President Obama brought together business leaders to create the Council on Jobs and Competitiveness—a nonpartisan group tasked with developing achievable initiatives to invest in the American economy and create jobs. Following the President’s direction, the Jobs Council has conducted multiple listening and action sessions around the country with businesses and local leaders, holding six different sessions in this year alone.
The Obama administration has taken action to implement 90% of the Jobs Council’s recommendations that require executive action, and just today, it announced that—consistent with a Jobs Council call to make infrastructure permitting more efficient and effective—it is expediting five major port projects. At the same time, President Obama has put forward a jobs plan, incorporating ideas from the Jobs Council, that could create at least 1 million jobs now.
Hoping to turn attention away from his record of outsourcing and offshoring U.S. jobs, Mitt Romney is driving a false attack about President Obama’s Jobs Council. The Romney campaign falsely claims that the President failed to listen to his Jobs Council and “live up to his promises” to champion the initiatives the Council put forth. Once again, Romney is getting the facts all wrong.
Here’s a look at what the Jobs Council and President Obama have pushed for:
Education and job training: President Obama’s Jobs Council recommended investing in a partnership between businesses and post-secondary educational institutions. President Obama then proposed the Community College to Career Fund, which would establish partnerships between schools and employers and train 2 million people for the high-demand, high-skilled jobs of the future.
Investing in infrastructure: The Jobs Council called for investments in our crumbling infrastructure. President Obama has put forward a plan for investments in our roads, schools, electric grids, and other infrastructure projects that would create jobs in the short term and promote long-term competitiveness. And the Obama administration has put forward a process for streamlining the review of infrastructure projects across the country.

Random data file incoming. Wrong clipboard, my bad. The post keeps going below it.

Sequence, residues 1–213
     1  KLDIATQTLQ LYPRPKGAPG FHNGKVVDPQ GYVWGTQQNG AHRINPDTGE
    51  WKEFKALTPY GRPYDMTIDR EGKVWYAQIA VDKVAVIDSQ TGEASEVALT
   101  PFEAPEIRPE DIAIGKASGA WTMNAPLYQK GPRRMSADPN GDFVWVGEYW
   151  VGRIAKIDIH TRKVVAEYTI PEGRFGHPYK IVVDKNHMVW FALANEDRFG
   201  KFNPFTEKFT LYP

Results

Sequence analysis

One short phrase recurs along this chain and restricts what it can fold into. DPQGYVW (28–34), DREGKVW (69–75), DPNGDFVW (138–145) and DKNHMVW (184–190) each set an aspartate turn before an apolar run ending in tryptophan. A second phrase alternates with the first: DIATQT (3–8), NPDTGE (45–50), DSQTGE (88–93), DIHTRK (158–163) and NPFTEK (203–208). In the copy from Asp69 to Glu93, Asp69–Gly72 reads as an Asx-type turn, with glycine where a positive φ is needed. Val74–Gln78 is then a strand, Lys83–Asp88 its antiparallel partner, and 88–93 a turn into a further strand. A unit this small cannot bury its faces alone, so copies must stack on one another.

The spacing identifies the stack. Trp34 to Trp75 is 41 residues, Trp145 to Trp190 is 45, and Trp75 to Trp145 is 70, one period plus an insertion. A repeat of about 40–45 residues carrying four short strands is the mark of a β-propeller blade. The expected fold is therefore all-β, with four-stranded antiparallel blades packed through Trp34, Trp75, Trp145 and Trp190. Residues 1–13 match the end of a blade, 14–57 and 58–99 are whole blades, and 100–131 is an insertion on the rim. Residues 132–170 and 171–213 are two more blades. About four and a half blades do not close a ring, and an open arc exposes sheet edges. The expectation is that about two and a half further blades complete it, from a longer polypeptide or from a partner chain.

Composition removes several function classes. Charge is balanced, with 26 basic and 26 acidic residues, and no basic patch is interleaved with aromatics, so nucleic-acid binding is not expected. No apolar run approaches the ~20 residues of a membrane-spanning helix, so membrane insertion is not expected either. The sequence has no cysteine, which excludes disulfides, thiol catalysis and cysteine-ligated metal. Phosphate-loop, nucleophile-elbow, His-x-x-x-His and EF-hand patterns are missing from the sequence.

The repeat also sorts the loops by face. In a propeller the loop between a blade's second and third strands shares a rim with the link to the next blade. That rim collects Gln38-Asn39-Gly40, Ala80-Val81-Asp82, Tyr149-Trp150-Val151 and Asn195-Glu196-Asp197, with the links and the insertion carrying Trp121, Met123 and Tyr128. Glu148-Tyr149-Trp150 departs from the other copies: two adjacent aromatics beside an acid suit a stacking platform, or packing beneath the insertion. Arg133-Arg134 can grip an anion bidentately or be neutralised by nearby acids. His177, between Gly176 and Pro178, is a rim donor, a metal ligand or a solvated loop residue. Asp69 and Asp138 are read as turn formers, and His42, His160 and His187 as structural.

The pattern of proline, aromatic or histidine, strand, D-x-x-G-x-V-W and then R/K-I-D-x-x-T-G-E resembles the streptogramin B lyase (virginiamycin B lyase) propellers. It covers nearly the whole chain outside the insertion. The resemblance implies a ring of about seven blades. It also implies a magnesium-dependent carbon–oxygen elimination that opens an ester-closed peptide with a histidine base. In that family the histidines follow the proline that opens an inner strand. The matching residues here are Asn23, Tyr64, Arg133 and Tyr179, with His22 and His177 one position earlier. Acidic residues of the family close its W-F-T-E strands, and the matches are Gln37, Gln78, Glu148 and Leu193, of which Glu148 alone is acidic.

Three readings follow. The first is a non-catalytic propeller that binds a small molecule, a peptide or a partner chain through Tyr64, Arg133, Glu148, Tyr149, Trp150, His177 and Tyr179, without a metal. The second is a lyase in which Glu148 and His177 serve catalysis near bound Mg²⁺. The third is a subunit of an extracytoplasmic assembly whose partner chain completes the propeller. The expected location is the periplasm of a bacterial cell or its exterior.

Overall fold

Supporting American innovation: The Jobs Council agreed with President Obama’s proposal to expand and make permanent the Research and Development tax credit. More than two-thirds of America’s R&D spending comes from the private sector. Expanding and making permanent the R&D tax credit will help us catch up to countries that offer more favorable tax treatment for research and development—keeping the U.S. competitive.
Helping small businesses grow: The Jobs Council called for efforts to remove barriers for small businesses that are seeking to raise new capital. President Obama pushed for and signed into law the JOBS Act to make it easier for entrepreneurs to grow their businesses.
By the end of 2011, the Jobs Council had offered dozens of proposals that would help spur job growth and economic development in the U.S. Of the 60 recommendations for executive actions that don’t require Congressional action, the Jobs Council reported that the Obama administration has implemented or made significant progress towards 54, a full 90%.
In addition, President Obama has pushed Congress to pass the American Jobs Act—which would support the jobs of about 325,000 teachers—and other infrastructure investments and aid to communities to help retain and hire first responders. He also called on Congress to create a Veterans Jobs Corps and wants to give small businesses a 10% income tax credit for businesses that hire or raise wages in 2012 to encourage over $200 billion in new hiring and pay raises.
Yet despite the President’s continued efforts to pass job initiatives, Republicans have stood shoulder to shoulder to block the President’s plan, stalling measures that could create at least 1 million jobs. And of the Jobs Council proposals that require legislative action, only 20% have been implemented by Congress.
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